Researchers develop technique to reversibly transfer data from light to sound

December 14th, 2007 - 2:51 pm ICT by admin  

Washington , Dec 14 (ANI): Researchers have developed a technique to transfer data reversibly from light to sound, which they say may lead to designing super-fast optical communications networks in future.

This experiment was carried out by a team of researchers at the Duke University .

The researchers showed the technique through which encoded information could be transferred from a laser beam to sound waves and then back to light waves again.

The swapping of data between media like this would allow information to be captured and retained for very brief intervals.

Data could be stored within pockets of acoustic vibration created when laser beams interact along a short strand of optical fiber.

The Duke experiments pave way for the efforts at developing computer networks that can run on light instead of electrons.

“The real gist of the work is how to create a memory for optical pulses,” said Duke physics professor, Daniel Gauthier.

The computers today use the flow of electrons to transfer the data they carry into memory. But light has proved to be a lot more resistant to similar traffic controls.

“We don’t have random access memories for light the way electronic computers do,” said Gauthier.

The new method was suggested by Gauthier’s postdoctoral research associate Zhaoming Zhu.

It works on the phenomenon called “stimulated Brillouin scattering.” When laser beams passing though each other are opposed along an optical fiber, resulting in acoustic vibrations and they are called phonons within the glass.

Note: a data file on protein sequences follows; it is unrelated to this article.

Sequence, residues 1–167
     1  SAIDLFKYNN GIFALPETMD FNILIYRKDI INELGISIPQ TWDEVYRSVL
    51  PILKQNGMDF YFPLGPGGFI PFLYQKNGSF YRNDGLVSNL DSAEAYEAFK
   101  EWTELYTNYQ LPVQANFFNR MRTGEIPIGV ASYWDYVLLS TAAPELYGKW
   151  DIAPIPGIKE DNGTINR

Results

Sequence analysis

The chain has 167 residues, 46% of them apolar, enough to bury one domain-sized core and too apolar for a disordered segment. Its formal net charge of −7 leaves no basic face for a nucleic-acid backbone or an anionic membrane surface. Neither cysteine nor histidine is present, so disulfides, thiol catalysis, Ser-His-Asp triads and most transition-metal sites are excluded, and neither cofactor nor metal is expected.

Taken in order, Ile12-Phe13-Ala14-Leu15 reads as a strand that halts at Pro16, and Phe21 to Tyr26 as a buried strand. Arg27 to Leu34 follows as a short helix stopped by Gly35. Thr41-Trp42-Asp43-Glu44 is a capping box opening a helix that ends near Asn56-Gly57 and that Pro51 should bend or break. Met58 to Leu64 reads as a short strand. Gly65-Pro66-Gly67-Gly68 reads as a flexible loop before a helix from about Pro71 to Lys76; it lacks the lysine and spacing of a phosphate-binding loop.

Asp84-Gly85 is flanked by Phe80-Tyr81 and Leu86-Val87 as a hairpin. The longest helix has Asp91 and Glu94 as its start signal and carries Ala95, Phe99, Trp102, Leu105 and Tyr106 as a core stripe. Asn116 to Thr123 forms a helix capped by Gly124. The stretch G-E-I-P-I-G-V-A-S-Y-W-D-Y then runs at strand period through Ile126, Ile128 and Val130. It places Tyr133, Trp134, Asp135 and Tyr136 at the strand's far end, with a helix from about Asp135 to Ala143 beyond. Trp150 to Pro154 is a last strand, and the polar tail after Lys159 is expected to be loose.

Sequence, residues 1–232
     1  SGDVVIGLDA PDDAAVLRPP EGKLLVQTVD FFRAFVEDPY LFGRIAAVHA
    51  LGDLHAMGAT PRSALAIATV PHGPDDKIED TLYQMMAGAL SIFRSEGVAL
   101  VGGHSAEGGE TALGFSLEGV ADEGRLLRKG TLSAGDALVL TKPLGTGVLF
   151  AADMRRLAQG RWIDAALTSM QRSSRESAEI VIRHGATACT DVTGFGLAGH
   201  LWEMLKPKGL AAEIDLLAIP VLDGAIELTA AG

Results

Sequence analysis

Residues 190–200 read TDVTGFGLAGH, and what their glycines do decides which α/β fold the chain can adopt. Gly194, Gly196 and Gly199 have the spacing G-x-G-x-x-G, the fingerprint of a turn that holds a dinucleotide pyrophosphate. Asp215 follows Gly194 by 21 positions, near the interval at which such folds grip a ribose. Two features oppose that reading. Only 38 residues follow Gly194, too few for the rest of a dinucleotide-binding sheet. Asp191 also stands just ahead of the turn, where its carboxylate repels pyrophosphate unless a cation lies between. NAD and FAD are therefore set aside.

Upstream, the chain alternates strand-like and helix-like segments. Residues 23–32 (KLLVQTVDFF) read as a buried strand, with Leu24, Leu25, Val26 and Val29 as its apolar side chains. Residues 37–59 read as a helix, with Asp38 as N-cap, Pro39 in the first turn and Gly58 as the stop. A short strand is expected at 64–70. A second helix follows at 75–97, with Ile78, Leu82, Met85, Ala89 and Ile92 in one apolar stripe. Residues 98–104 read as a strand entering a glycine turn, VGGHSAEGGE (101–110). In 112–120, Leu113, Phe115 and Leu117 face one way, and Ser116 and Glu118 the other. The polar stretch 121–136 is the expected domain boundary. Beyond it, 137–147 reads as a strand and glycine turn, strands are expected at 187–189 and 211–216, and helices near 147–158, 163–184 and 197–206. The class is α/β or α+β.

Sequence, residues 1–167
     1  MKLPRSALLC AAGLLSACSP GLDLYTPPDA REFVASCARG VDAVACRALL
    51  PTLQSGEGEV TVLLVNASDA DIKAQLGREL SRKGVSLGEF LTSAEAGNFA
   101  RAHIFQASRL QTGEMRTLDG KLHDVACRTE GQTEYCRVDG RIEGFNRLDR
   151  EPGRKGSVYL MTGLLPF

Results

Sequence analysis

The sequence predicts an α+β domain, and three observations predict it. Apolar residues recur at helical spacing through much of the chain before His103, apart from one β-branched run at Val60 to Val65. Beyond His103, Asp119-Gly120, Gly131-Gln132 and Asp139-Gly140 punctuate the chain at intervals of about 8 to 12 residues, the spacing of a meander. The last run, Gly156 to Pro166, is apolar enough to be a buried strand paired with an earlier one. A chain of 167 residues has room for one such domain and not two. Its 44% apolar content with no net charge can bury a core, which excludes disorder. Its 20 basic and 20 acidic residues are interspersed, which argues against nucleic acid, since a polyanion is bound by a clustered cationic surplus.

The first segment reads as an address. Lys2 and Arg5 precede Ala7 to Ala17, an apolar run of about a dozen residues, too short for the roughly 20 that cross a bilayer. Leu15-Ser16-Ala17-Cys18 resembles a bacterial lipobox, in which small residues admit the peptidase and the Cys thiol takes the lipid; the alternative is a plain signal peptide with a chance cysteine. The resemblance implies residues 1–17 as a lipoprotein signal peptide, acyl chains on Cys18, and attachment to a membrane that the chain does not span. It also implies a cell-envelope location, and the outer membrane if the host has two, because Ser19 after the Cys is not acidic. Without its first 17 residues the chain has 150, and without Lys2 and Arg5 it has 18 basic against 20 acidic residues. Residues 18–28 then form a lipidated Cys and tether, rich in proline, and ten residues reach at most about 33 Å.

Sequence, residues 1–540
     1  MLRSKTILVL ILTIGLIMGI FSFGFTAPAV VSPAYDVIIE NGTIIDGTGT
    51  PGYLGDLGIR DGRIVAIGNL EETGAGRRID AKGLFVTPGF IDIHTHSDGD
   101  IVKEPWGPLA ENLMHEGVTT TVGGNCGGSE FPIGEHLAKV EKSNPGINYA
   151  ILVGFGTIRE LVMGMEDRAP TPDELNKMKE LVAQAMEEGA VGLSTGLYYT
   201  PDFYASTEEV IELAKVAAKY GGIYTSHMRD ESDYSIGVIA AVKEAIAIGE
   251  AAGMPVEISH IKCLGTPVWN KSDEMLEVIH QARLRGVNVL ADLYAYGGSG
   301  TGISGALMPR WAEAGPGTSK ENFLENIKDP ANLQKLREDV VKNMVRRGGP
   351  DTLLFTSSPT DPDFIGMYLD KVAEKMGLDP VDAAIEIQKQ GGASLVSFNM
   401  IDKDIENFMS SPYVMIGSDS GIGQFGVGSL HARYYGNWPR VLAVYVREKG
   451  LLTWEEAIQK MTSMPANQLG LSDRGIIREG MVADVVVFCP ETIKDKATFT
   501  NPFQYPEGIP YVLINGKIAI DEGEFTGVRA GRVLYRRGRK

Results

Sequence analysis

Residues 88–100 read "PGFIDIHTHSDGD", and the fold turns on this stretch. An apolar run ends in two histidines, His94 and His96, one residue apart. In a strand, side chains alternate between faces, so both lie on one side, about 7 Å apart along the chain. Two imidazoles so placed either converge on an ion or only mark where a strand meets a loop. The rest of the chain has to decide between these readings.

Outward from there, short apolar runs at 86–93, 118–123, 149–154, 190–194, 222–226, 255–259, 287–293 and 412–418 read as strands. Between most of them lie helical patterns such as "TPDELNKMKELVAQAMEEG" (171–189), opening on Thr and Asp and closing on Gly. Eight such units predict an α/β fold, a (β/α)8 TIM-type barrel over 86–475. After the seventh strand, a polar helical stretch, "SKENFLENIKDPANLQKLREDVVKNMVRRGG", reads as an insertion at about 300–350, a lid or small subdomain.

“To efficiently create such acoustic waves, you have to have two laser beams of slightly different frequencies interacting with each other,” said Gauthier.

In a series of experiments at Duke, Zhu discovered that encoding information onto one of those laser beams, the data could be imprinted on newly-created phonons.

Gauthier said that such phonon sounds are much too high-pitched for humans to hear.

Zhu indicated that phonons could retain the data for as long as 12 billionths of a second. The information could then be successfully re-transferred from sound to light again by shining a third laser beam through the fiber.

This new method works at room temperatures and at wavelengths of light compatible with optical fibers already used in telecommunications, giving it several advantages over competing techniques for manipulating light.

Gauthier acknowledged that more work will be needed before this approach becomes workable in optical computation.

The findings were reported in the latest issue of the journal Science. (ANI)

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